Viper Servo Motor control maybe?
I need to drive the 112V 65A SEM Servos on my V2XT. I was looking at the Gecko G320X but it isn't rated high enough to run the servos at full rpm and torque. I am not familiar with any good alternative brands. I am planning on using a Smoothstepper USB M.C.I. in my retrofit. Any thoughts or experience with a setup like this? I am planning on replacing the encoders too.
I used Viper 250's on a Bridgeport R2E4 retrofit. They worked very well.
We're looking at the Viper 200 for our R2E4 retrofit. Out of curiosity, what influenced you to select the 250? Also curious what control hardware/software you used.
I'm mistaken. They are 200's. At the time that was the only unit they had. I used a Bob Campbell breakout board and a MODIO board. I was going to use a smoothstepper as well, but they were out of stock when I started the project. I removed the manual backgear shifter and added a pneumatic unit and I also installed a VFD. When I was finished, the machine could run on single phase or three phase power. I also left the variable speed pulleys in place. I ran the feedrate override pot to the MODIO board. I also ran the variable speed pot and the VFD analog out to the MODIO board so I could do a rough spindle speed display. It also has a MPG running to the MODIO board. I removed the original CRT and closed the hole with enough structure to support a 15" LCD touchscreen.
The PC in the picture is a Dell GX260 running Mach3. The MODIO board was mounted in the enclosure behind the monitor.
I used Mouser Electronics 651-1688379 to connect the encoders. I kept the existing servo wiring in place. Some of the original encoder wires are quite large and that connector made it easy.
Thanks for all the detailed info!
The R2E4 in question belongs to the FIRST Robotics team I help Mentor. We were looking to replace the old Boss 9 control (it died) with the Viper 200's and a MicroKinetics motion control and MillMaster software.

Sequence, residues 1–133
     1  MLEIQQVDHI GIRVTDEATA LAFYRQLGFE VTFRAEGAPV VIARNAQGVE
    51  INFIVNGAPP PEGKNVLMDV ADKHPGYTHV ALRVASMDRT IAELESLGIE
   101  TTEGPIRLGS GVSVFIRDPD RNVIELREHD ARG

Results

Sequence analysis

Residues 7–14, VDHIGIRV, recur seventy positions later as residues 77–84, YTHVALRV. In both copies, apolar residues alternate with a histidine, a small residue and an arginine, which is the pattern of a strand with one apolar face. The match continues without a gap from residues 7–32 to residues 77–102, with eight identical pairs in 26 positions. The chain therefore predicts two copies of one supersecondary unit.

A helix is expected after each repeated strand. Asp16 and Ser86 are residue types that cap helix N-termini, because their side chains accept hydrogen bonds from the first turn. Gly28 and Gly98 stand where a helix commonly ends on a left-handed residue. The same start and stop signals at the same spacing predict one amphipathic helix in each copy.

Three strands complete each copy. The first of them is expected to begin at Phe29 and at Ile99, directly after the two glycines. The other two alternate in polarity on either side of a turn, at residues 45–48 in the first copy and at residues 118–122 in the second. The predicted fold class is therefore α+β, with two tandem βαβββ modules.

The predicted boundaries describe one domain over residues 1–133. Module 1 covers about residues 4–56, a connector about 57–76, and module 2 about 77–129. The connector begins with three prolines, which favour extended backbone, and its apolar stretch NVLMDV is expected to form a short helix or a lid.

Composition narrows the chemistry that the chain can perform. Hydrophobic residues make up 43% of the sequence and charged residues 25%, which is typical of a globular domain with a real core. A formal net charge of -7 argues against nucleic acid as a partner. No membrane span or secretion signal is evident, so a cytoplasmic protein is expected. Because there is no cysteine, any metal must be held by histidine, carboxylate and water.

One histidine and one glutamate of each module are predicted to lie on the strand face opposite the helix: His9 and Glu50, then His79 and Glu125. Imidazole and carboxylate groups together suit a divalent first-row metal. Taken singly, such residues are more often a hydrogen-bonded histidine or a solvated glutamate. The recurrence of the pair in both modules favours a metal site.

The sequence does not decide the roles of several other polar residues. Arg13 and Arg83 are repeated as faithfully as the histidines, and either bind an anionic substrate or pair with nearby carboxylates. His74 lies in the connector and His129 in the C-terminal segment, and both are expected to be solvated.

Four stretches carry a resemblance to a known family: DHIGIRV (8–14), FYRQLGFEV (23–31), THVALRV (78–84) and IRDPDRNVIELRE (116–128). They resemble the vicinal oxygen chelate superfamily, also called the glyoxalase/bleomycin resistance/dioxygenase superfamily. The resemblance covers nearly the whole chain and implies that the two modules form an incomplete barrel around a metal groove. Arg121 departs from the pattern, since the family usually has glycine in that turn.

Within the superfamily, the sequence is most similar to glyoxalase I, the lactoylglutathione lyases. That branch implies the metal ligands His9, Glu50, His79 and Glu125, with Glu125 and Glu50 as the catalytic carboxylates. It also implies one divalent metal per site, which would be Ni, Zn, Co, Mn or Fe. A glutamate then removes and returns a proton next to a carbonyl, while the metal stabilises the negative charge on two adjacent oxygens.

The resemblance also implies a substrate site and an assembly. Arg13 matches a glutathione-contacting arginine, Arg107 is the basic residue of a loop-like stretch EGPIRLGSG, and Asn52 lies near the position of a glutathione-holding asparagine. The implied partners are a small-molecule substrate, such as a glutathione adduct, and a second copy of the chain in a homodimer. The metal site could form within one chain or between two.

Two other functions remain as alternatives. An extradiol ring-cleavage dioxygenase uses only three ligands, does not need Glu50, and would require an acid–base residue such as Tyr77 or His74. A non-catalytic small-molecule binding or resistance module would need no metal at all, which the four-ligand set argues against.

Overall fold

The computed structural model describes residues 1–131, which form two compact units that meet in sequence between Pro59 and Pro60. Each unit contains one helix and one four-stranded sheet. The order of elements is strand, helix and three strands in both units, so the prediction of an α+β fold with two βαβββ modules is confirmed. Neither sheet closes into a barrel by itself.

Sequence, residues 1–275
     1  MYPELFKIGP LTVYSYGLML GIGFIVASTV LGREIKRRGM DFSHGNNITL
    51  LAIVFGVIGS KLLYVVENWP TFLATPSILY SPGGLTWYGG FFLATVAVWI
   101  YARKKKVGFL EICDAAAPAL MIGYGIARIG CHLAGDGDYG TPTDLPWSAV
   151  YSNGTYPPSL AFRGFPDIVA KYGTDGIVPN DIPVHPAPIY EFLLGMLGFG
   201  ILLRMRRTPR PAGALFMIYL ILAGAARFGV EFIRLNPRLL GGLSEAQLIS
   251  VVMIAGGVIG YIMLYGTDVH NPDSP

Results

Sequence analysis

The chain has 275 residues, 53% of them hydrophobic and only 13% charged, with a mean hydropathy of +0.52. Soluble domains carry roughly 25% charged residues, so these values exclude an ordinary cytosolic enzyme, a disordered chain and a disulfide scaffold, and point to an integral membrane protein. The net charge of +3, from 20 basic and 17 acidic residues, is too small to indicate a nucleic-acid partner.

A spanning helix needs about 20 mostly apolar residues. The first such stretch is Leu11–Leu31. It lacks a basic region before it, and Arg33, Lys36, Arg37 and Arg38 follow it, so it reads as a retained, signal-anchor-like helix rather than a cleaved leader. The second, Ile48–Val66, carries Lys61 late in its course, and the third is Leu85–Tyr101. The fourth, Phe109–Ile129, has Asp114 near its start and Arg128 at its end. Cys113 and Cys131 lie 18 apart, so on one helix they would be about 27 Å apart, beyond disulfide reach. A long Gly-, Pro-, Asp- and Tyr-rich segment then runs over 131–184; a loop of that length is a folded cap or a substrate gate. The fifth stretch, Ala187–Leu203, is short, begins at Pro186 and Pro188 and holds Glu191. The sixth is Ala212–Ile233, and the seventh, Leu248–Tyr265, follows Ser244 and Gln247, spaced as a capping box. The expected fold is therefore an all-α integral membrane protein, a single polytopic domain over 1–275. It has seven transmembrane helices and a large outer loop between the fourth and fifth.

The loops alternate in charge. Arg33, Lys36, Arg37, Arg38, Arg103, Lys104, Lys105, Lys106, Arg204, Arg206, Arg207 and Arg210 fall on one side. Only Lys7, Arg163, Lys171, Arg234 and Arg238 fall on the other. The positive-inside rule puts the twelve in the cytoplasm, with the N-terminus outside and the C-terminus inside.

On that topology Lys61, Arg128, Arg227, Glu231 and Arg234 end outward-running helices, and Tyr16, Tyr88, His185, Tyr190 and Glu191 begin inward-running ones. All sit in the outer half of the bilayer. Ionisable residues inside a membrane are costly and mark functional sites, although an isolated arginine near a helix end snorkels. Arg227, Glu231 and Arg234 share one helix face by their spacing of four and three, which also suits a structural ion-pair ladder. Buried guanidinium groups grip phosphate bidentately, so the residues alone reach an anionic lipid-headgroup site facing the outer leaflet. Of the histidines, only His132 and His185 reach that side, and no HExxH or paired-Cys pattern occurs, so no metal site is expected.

Anyone looking for some Boss 9 boards? Got three good servo drivers and most other boards. Timing chip in the main CPU card seems to be the problem. Other diagnostics pass.
The Viper 200 lists 170V, 42A Peak/20A Cont. The SEM Servos on my BP V2XT indicate 112V, Pulse Amps 65A. Does this indicate a torque problem?
Cholder- your retrofit is very interesting to me- I have a solenoid-controlled pneumatic vari-speed and spindle brake to either incorporate or replace with a VFD. It looks like you have a nice setup and one worthy of emulating. The Viper 200s look the most promising out of the drives I have come across.
As far as controller boards, I'm told the Smoothstepper will only run the servos like steppers, not with continuous DC that makes servos what they are. I'd love to use a USB Board but it looks like I need to scrounge up a computer with a parallel port. Any recommendations on a continuous DC servo breakout board?
Next can of worms- auxiliary functions. I need operate coolant, vari-speed, and spindle brake. If I can run the factory spindle systems now and install a VFD later without rebuilding the control, I'll be a happy button-pusher!
I have not seen any torque issues. I don't think the original Bridgeport drives output 65 amps, that is just the motor rating.
You are correct in that the original servos were analog controlled, but the equipment sending the analog signal was taking in the encoder steps and deciding how to change the analog command, also in discrete steps. Using the Viper drives you have just placed the responsibily for deciding what the analog command should be on the drive and not in the PC. If I remember correctly the original Bridgport stepper systems at their best were 0.0005" per half step. The servos are 0.0001 per encoder step if you use the original encoders. The tuning of the drive is what ulimately makes the servo behave as it should. What I'm trying to say is that there is really nothing to be gained by trying to stay with an analog command system.
I have not used a smooth stepper board but it should work well with the Vipers. If you use the smooth stepper you do not need a parallel port, it is USB so it can be used with a laptop if desired. As far as I know the parallel port is only step and direction as well.
If you want true analog command you will need to go to a higher end motion control board and find software to support it.